The first FDA-regulated, placebo-controlled, double-blind study on smoked cannabis among veterans with diagnosed PTSD revealed improvements among those receiving doses with higher levels of THC, an active component in the herbal drug.
Published March 17 in the journal PLOS ONE, the peer-reviewed paper compares results of PTSD treatment in three cannabis combinations, as well as a placebo control group.
The study, conducted by the Multidisciplinary Association for Psychedelic Studies, or MAPS, indicated levels of improvement among participants using smoked cannabis blends with a 9 percent THC concentration. Improvements were also found using samples containing 11 percent CBD, as well as a sample containing 8 percent THC and 8 percent CBD. A fourth group, which also reported improvements, used a placebo.
THC, or delta-9-tetrahydrocannabinol, is the intoxicating, or psychoactive, ingredient of cannabis strains that produce the euphoric “high” effect. CBD, or cannabidiol, is one of the non-intoxicating cannabinoids in the cannabis plant. CBD-only products have been widely adopted in multiple states for medical, therapeutic and recreational uses.
The well-known party drug continues to show promising results as a treatment option.
“This study served as the first randomized placebo-controlled trial comparing the therapeutic potential of varying ratios of THC and CBD for treating symptoms of PTS,” said Dr. Marcel O. Bonn-Miller, lead author of the study.
Bonn-Miller said the next step is to conduct larger, randomized, placebo-controlled trials that would help determine the “minimally-effective doses of THC needed to safely treat individuals suffering from PTSD while also mitigating risks of cannabis dependence in this vulnerable population.”
The lead author published the results of a separate, 150-person study in December 2020 that compared participants diagnosed with PTSD who used medical dispensary-supplied cannabis to treat their symptoms with other PTSD sufferers who did not use cannabis.
That study found that over the course of a year the cannabis users “reported a greater decrease in PTSD symptom severity...” Additionally, cannabis users were more than 2.5 times as likely to no longer meet the diagnostic criteria for PTSD as those who did not use cannabis. However, that particular study, unlike the most recent version, did not have the added use of placebo control.
“One of the biggest takeaways from this study is that veterans with PTSD can use cannabis at self-managed doses, at least in the short term, and not experience a plethora of side effects or a worsening of symptoms,” said Mallory Loflin, co-author of the paper and volunteer assistant professor of psychiatry at the UC San Diego School of Medicine.
Loflin added that worsening symptoms and side effects are often the initial concern of medical providers wary of prescribing cannabis for PTSD.
The service says the products "could negatively impact mission readiness."
Cannabis, also commonly referred to as marijuana, has been legalized for widespread medical use in 20 states and two U.S. territories, according to Marijuana Business Daily.
Marijuana has been legalized for both medical and recreational use in 16 states, Washington D.C., and two U.S. territories. It is legal for extremely limited medical use, such as terminal cancer therapy, in 11 states.
Federal laws, meanwhile, still prohibit the possession and sale of cannabis, while both the Department of Defense and the Veterans Administration prohibit the use or prescribing of it. The VA estimates that 11 to 20 percent of recent veterans of the wars in Iraq and Afghanistan, and as many as one-third of all veterans, suffer from PTSD.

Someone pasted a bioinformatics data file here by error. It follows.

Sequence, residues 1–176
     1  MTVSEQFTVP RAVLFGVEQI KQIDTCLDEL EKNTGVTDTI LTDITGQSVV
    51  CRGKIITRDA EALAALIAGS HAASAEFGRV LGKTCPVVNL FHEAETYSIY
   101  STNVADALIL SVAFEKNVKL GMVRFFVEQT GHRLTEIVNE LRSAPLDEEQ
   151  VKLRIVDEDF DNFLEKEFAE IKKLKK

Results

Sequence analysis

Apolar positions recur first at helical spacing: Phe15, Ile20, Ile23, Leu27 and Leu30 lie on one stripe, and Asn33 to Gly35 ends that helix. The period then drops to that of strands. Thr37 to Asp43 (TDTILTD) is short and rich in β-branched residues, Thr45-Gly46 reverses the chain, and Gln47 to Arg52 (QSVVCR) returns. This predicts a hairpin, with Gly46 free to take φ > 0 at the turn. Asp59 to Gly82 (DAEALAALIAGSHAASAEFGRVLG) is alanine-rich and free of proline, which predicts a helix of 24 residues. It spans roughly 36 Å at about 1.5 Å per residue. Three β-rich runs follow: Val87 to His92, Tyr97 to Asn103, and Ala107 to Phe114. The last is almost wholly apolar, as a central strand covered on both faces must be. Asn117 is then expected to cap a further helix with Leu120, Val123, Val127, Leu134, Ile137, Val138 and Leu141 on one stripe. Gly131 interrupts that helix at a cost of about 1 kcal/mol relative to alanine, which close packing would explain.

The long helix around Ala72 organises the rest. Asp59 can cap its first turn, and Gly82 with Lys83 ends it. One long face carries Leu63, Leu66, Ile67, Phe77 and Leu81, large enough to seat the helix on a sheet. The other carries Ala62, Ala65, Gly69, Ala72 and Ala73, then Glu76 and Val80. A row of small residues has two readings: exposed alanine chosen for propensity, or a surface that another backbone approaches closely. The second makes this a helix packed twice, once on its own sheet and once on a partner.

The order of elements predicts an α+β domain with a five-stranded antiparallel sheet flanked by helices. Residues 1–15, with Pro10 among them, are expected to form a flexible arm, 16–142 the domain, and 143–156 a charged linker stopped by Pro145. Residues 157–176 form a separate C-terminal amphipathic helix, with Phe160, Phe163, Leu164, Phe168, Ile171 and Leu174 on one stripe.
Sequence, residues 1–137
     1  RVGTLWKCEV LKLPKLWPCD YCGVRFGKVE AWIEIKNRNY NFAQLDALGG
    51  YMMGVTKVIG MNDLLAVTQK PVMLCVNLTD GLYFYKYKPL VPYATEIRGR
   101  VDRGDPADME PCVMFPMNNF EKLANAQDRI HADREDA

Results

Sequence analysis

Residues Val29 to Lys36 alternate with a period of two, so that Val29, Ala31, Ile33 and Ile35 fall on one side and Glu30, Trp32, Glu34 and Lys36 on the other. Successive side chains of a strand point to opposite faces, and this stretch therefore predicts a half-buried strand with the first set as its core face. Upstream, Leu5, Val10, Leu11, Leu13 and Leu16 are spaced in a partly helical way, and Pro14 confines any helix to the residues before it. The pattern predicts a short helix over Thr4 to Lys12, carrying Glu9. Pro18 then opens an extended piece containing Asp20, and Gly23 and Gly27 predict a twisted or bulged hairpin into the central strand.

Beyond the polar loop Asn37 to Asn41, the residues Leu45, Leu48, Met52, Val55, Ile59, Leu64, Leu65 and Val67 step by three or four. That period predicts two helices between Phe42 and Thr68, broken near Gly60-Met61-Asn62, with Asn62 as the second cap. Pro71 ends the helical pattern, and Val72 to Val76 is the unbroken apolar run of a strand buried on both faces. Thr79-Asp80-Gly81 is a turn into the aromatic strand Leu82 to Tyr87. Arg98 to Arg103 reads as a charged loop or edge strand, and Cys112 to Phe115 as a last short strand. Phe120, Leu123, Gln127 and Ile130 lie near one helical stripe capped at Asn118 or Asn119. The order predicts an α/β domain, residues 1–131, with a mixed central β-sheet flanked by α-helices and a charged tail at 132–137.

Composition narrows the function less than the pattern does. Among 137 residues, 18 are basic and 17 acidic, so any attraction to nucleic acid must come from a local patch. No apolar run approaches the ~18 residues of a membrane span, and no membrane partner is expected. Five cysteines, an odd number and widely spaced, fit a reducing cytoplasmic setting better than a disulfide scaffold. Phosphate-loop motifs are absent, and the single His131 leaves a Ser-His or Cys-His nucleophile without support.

To conduct legal, FDA-approved studies on drugs such as cannabis or other psychoactive compounds covered in the criminal code, detailed permissions are required and sourcing of the substances must be done through federal channels. That limits the type and quality of substances that can be used, MAPS Executive Director Rick Doblin said.
“This study took seven years to obtain approval and three years to conduct at a cost of $2.2 million,” Doblin said. “The difference between anecdotal reports and these results may be the quality of the marijuana.”
The study compared the information from Army enlistment contracts with the career outcomes of each recruit over nearly two decades.
Higher quality cannabis is available through medical and commercial means in the U.S., but not approved for regulated research due to federal restrictions.
“Despite the absurd restrictions federal prohibitionists have placed on research for more than 50 years, we are squarely focused on launching further Phase 2 trials with imported cannabis of tested, higher potency, fresher flowers that will provide a valid comparison for the millions of veterans and others with PTSD who are looking for new options,” said Dr. Sue Sisley, co-author and president of The Scottsdale Research Institute.
A 2020 paper, also published in PLOS ONE, mapped cannabis potency in U.S. medical and recreational programs. That study examined 8,505 cannabis products across 653 dispensaries and showed an average THC concentration of 15 to 22 percent, approximately double the percentage seen in the samples used for the MAPS placebo-controlled study published this week.
MAPS previously conducted trials studying the use of MDMA, an active ingredient commonly found in the party drug ecstasy, in treating PTSD. The organization’s May 2018 study analyzed MDMA treatment on 26 first responders, mostly combat veterans, over two, day-long psychotherapy sessions.
In a one-month follow-up, 68 percent of participants reported that their PTSD symptoms had been “effectively eliminated.”